Girlhood by Melissa Febos review – when a girl becomes a woman


Show caption ‘Boiling, angered sorrow’: Melissa Febos. Photograph: Caroll Taveras/The Guardian Autobiography and memoir Girlhood by Melissa Febos review – when a girl becomes a woman A former dominatrix is eviscerating in her exploration of the sexual submission required as young women mature Hephzibah Anderson Tue 3 Aug 2021 08.30 BST Share on Facebook

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American author Melissa Febos is many things the average reader very likely won’t be, among them a former dominatrix and a recovering heroin addict. And yet her new book of essays, Girlhood, describes experiences that will be recognisable to every woman. If you’ve ever felt uncomfortable in your own body, unable to say no – or at least, not without a compensatory smile – or obliged to put up with the “ordinary violations” that come with being female (the catcalls, the come-ons), then Girlhood will not only speak to you, it will also ignite fury that two words like “ordinary” and “violation” should ever have cause to couple.

A capacious blend of memoir and reportage, history and cultural criticism, its seven essays loosely chart Febos’s journey from girlhood to womanhood, beginning with the changes that transformed her body – and with it her life – when she was 11 years old. By its close, Febos has found her way to a place of safety and strength, though her route there is fraught with danger: wolfish men lurk, mirrors reflect an enemy, drugs seem as hard to resist as a shiny red apple.

As she describes in the opening essay, Kettle Holes, she grew up on Cape Cod, the daughter of a psychotherapist and a sea captain. Her mother would add feminist corrections to her storybooks, and Febos loved the big hands that they both shared. “I was no petalled thing,” she later writes, “I was a puller, a pusher, a runner, a climber, a swimmer, a grabber, a sniffer, a taster, a throw-my-head-back laugher.”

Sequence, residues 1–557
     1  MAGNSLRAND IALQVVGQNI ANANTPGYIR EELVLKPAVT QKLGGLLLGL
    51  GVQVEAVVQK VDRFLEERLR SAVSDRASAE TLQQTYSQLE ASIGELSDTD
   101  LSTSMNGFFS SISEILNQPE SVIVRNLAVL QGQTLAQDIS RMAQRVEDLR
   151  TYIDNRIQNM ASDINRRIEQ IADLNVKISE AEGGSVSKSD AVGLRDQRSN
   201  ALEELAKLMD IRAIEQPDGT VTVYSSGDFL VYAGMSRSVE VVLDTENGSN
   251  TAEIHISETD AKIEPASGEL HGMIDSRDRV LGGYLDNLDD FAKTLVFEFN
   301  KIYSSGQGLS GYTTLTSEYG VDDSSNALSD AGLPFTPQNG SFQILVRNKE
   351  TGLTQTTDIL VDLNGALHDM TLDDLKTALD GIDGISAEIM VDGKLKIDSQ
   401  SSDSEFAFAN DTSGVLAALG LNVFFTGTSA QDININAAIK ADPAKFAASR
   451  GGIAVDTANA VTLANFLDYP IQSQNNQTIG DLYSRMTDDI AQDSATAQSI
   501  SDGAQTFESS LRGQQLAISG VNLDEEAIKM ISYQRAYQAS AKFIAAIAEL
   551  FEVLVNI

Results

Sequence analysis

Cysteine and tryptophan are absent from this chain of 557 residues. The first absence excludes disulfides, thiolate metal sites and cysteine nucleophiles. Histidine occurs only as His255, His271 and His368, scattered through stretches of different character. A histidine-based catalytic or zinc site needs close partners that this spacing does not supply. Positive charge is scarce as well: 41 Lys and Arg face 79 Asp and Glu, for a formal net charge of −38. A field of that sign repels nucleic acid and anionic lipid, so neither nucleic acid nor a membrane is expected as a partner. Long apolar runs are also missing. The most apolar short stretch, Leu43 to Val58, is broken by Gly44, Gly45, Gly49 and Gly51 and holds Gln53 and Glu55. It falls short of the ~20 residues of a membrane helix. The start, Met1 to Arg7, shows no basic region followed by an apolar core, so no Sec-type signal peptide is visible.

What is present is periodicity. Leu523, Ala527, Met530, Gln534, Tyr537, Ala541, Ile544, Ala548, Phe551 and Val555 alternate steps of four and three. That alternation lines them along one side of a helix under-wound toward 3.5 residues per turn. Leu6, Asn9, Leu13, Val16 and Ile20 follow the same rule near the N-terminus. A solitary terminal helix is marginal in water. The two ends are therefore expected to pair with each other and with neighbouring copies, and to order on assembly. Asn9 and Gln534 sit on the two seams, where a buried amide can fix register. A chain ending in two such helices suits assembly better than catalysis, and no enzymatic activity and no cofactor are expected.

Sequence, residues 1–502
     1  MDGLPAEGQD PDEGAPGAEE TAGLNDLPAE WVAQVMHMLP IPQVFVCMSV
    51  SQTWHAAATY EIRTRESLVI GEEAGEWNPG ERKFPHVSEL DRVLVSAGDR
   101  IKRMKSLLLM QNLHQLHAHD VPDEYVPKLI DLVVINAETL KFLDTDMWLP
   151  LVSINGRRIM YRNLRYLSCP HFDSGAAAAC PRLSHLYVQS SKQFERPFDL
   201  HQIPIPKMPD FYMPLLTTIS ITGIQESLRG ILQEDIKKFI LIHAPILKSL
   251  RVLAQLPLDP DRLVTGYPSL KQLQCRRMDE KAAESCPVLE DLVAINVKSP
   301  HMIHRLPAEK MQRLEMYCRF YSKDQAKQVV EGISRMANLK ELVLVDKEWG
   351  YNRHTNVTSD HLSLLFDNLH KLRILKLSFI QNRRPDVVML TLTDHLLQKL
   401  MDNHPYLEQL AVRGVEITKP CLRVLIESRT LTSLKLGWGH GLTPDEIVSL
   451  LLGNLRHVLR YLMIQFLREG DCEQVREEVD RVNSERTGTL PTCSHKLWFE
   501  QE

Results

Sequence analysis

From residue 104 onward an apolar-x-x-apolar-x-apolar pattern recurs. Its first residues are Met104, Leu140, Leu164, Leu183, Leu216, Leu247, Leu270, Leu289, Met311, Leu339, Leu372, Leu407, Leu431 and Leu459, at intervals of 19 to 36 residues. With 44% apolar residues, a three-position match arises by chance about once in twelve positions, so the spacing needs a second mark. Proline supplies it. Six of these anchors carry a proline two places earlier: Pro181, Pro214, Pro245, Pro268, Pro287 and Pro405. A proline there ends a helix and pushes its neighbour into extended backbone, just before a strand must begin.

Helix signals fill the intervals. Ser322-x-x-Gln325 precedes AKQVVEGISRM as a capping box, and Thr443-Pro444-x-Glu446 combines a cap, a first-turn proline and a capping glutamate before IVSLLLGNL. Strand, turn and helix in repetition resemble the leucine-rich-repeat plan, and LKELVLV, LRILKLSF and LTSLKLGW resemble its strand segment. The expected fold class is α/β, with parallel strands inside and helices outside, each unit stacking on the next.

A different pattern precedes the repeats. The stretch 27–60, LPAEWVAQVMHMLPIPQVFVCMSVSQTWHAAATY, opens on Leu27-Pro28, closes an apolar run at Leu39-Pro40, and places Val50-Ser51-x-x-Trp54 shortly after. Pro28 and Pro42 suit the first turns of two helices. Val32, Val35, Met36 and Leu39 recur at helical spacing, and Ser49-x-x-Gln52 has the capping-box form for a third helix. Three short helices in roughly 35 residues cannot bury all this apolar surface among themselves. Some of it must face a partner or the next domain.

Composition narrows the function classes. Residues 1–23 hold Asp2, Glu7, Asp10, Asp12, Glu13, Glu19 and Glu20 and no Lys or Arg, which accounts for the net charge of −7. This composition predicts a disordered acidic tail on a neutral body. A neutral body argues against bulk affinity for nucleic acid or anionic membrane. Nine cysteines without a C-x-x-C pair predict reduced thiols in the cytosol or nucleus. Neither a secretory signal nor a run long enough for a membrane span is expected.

Then came the change. The woman’s body that she suddenly acquired made her an outsider among her envious, flat-chested girlfriends, while ensnaring the gazes of their older brothers – grown men, too. Soon enough the word “slut” was being whispered. By 13, she had “divorced” her body, and begun giving boys what they wanted. That was “the perfect trap of it”, she observes with hindsight, “how the solution to feeling disgusting would become the proof to all that I was”. It’s harrowing stuff but, as Febos emphasises, nothing if not common.

Febos is a skilled storyteller; her prose pulses with drama and colour, light and darkness. There are frequent gear-shifts, and while these generally work – the mix of genres and range of references feel in the spirit of a book in which solace comes from uniting with others – they do produce the odd cumbersome sentence.

Throughout, the anchor remains Febos’s experience, whether it’s buying drugs in Paris, serving humiliation to order for $75 an hour in a dim dungeon, or attending a “cuddle party” on Manhattan’s Upper East Side with her girlfriend. In a transformative experiment that I’d have been happy to read more of, she embraces celibacy for the best part of a year.

Much of the book’s emotional heavy-lifting centres on her efforts to parse memories anew. In doing so, she lays bare the forces that shape girls as they come into puberty, determining decisions made well into adulthood. When it comes to consent – or rather, “empty consent” – her insights are riveting. All those “yesses” uttered out of fear that a “no” won’t be listened to. Or the way that, as women, protecting ourselves sometimes means protecting men, ensuring that they don’t feel rejected or embarrassed, with our bodies historically our only currency. And then there are the “mental acrobatics” we perform in order to discredit our own instincts, to blame ourselves for unwanted attention, say, in an attempt to wrench back some control.

Edith Wharton, Alfred Hitchcock, Audre Lorde – their work all informs Girlhood, but so, too, do the voices of the women that Febos interviews, fellow writers among them. Though their stories create solidarity, they sometimes break the spell of her own incantations. Perhaps this is instructive, however. After all, this is a book that is acutely aware of the coercive power of narrative, and the limits that the available narratives continue to place on girls. Narratives, in short, are to be disrupted.

But if this book scalds – and its boiling, angered sorrow really can have that effect on the heart – then it also consoles. That word slut, for instance: while Febos has no wish to take it back, she does lay claim to a 19th-century definition, that of a rag dipped in lard and lit like a candle. As she encourages: “Carry me through the dark if it helps. Here, take this story and watch it burn.”

• Girlhood by Melissa Thebos is published by Bloomsbury (£18.99). To support the Guardian and Observer order your copy at Delivery charges may apply